Entergy Arkansas has agreed with NextEra Energy Resources LLC to build a 100-megawatt solar energy facility near Searcy in White County, the two companies said Monday.
The project, which needs approval from the Arkansas Public Service Commission, will be the largest utility-owned solar facility in Arkansas and the first to feature a battery for storing solar power.
The commission has approved other renewable energy projects for Entergy Arkansas, said Donna Gray, executive director of the commission's general staff.
This will be Entergy's third large-scale solar project in Arkansas and would allow the company to offer Entergy Arkansas customers 281 megawatts of solar energy, or enough to power about 45,000 homes.
The White County project, which is expected to be in service by 2021, will be designed and built by a subsidiary of NextEra Energy Resources, and, upon completion, will be purchased by Entergy Arkansas. The emissions-free, renewable energy facility will be built on about 800 acres east of Eastline Road or at Exit 44 off U.S. 67 near Searcy.
Entergy Arkansas is the largest provider of solar energy in the state, said Laura Landreaux, chief executive officer of Entergy Arkansas.
"Entergy is proud to bring a third large-scale solar project to the state that will allow our customers to benefit from the economic and environmental advantages of renewable energy, while at the same time learning about the benefits of battery storage," Landreaux said.
Entergy Arkansas currently buys 81 megawatts of solar energy from NextEra Energy Resources from a solar facility near Stuttgart.
The company also will purchase another 100 megawatts of solar energy from NextEra Energy Resources' Chicot Solar project at Lake Village when the plant becomes operational in 2020.
NextEra Energy Resources is a subsidiary of publicly traded NextEra Energy Inc.
The construction phase of the Stuttgart Solar Energy Center created about 200 construction jobs, and Chicot Solar is expected to employ a similar number of workers.
Combined, the projects are estimated to generate $900,000 per year in property taxes.
Solar energy and other renewable energy sources are competitive to residential and commercial customers compared with other sources of power, said Kerri Case, an Entergy spokesman.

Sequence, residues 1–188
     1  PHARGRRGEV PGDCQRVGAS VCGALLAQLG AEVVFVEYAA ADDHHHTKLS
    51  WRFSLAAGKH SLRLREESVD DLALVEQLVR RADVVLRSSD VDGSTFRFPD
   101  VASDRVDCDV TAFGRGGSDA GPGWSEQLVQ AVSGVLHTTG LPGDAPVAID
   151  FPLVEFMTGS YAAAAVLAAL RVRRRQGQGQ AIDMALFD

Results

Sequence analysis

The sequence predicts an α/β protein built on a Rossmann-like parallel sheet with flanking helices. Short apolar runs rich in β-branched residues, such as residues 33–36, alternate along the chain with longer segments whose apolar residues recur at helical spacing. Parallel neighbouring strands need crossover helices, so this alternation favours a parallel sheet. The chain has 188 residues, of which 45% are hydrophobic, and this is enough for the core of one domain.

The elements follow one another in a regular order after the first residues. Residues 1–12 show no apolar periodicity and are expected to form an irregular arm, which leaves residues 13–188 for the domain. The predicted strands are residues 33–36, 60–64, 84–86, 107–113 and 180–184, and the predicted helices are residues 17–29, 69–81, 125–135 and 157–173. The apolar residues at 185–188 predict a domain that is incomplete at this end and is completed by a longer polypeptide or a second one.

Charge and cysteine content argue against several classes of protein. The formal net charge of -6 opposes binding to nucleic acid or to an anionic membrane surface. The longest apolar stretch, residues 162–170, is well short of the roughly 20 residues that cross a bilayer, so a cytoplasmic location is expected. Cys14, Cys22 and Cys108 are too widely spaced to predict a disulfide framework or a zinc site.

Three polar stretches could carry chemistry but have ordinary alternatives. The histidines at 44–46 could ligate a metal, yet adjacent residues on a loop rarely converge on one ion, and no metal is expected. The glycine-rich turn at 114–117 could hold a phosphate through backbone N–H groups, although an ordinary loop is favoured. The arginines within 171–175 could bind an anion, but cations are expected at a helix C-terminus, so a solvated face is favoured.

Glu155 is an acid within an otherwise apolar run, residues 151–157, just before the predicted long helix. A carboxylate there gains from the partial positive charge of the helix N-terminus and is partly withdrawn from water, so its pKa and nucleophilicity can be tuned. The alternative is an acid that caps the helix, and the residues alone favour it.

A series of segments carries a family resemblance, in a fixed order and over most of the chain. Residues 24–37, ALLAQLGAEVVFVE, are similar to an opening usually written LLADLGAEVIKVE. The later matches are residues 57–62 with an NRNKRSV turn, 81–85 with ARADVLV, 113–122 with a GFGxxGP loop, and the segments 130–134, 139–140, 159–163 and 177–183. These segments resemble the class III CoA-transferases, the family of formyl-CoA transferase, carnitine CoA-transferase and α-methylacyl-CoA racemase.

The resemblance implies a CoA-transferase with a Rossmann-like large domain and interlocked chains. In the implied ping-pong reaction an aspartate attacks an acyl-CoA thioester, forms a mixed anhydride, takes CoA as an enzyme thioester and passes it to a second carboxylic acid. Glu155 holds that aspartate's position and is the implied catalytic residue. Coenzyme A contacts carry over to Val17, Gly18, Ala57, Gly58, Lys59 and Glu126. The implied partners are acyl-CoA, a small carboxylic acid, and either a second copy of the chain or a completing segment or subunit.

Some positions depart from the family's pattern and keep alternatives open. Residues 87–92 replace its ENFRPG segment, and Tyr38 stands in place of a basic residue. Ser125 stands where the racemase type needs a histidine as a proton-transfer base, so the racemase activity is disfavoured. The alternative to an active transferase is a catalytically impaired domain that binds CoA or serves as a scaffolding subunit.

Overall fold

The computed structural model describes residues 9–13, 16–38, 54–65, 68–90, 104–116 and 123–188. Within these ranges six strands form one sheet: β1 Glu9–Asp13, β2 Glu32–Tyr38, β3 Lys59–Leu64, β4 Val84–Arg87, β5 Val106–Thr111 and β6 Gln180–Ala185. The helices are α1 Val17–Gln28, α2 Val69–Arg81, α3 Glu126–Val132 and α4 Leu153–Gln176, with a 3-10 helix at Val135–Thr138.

"That's why [solar energy] ended up in our portfolio," Case said. "We keep a diverse portfolio."
Entergy Arkansas customers like to see solar power in the company's portfolio, Landreaux said.
"We want all of our customers to have the benefit of solar energy," Landreaux said. "We also want to help individual customers meet their renewable energy goals."
In addition to adding solar to its generation mix, Entergy Arkansas also received approval of a solar energy tariff from the Arkansas Public Service Commission, which will give customers the option of purchasing solar power to help meet their renewable energy objectives, Landreaux said.
Entergy didn't disclose the amount of the investment for the Searcy project because it is taking bids on another major solar project in Arkansas, Case said.
"That is not something we're able to disclose right now," Case said. "We have other [requests for proposals] out right now so this is confidential business information."
The company has a request for proposals for up to another 200 megawatts of power for a solar facility in Arkansas, Case said.
Entergy Arkansas, a subsidiary of publicly traded Entergy Corp., has about 700,000 customers in 63 Arkansas counties.
Entergy Arkansas and NextEra Energy Resources will hold a public open house to discuss the project on April 2, from 5 to 7 p.m. in Cone Chapel at Harding University's American Heritage Center in Searcy.
Business on 03/19/2019
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